Antonis A. Augustinos 1 , 9 , Diego Santos-Garcia 2 , Eva Dionyssopoulou 1 , 9 , Marta Moreira 3 , Aristeidis Papapanagiotou 4 , Marios Scarvelakis 1 , Vangelis Doudoumis 1 , 9 , Silvia Ramos 2 , Antonio F. Aguiar 5 , Paulo A. V. Borges 6 , Manhaz Khadem 3 , Amparo Latorre 2 , 7 , George Tsiamis 1 , 9 , Kostas Bourtzis 1 , 8 , 9 , *
13 December 2011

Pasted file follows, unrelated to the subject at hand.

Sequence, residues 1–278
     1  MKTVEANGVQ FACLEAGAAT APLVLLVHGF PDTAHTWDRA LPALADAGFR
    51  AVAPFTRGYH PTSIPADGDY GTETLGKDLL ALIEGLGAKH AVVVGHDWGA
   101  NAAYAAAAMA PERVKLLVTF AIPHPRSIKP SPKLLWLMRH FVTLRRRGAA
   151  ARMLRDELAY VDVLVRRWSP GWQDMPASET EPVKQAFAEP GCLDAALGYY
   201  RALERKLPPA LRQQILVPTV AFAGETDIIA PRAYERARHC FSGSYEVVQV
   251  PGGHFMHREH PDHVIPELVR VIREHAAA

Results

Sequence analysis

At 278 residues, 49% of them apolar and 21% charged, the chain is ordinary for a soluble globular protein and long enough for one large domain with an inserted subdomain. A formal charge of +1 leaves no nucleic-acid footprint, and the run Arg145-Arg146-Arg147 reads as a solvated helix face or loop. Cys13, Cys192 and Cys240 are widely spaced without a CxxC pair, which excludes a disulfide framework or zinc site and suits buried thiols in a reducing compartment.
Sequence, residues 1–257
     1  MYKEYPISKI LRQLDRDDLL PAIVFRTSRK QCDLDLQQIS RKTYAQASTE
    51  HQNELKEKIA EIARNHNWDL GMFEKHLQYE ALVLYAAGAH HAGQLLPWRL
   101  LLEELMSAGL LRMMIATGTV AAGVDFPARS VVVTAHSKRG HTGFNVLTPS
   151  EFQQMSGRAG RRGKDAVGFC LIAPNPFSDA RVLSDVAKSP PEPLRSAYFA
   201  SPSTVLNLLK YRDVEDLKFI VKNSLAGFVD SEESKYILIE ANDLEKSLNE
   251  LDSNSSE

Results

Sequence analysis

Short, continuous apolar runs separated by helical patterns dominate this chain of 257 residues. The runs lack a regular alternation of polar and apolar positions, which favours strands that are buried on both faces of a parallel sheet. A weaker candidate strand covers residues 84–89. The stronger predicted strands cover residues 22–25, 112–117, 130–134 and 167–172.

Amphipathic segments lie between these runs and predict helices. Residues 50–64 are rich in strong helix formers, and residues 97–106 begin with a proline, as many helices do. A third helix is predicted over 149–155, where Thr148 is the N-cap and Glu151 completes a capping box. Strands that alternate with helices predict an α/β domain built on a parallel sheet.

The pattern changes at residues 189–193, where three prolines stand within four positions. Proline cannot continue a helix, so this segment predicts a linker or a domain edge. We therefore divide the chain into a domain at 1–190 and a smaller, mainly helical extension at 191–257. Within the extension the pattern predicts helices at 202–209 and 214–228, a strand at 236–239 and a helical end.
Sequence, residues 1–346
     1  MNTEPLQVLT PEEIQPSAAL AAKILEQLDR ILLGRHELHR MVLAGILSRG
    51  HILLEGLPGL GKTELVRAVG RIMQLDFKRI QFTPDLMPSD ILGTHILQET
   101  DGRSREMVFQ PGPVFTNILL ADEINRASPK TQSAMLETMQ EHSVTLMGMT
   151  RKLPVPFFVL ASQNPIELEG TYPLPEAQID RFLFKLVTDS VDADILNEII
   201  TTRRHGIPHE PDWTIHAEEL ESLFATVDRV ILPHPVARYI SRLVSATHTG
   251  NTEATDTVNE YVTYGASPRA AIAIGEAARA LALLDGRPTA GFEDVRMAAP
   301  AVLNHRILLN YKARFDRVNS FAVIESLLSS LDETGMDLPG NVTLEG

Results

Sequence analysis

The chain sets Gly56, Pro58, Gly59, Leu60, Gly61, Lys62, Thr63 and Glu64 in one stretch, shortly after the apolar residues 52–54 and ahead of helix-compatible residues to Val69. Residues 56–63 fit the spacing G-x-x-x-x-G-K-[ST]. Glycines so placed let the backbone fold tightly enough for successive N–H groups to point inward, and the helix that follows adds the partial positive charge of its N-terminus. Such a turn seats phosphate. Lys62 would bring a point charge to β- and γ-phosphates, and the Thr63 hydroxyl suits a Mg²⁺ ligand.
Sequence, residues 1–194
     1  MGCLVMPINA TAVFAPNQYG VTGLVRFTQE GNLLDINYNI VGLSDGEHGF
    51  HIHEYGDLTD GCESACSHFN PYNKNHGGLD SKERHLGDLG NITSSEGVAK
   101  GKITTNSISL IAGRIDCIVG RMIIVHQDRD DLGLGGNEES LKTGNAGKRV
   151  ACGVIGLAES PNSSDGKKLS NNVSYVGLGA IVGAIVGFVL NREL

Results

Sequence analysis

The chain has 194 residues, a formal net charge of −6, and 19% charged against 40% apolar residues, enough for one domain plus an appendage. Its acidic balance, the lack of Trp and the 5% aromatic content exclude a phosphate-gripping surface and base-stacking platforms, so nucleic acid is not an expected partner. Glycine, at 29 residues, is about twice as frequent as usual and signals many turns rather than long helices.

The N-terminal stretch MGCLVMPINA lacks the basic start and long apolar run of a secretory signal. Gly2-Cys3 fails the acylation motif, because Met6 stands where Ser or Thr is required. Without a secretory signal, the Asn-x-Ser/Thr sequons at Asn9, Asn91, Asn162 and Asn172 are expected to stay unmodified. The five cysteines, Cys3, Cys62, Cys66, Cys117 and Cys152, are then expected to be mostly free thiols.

Aphids are a serious threat to agriculture, despite being a rather small group of insects. The about 4,000 species worldwide engage in highly interesting and complex relationships with their microbial fauna. One of the key symbionts in arthropods is Wolbachia, an α-Proteobacterium implicated in many important biological processes and believed to be a potential tool for biological control. Aphids were thought not to harbour Wolbachia; however, current data suggest that its presence in aphids has been missed, probably due to the low titre of the infection and/or to the high divergence of the Wolbachia strains of aphids. The goal of the present study is to map the Wolbachia infection status of natural aphids populations, along with the characterization of the detected Wolbachia strains. Out of 425 samples from Spain, Portugal, Greece, Israel and Iran, 37 were found to be infected. Our results, based mainly on 16S rRNA gene sequencing, indicate the presence of two new Wolbachia supergroups prevailing in aphids, along with some strains belonging either to supergroup B or to supergroup A.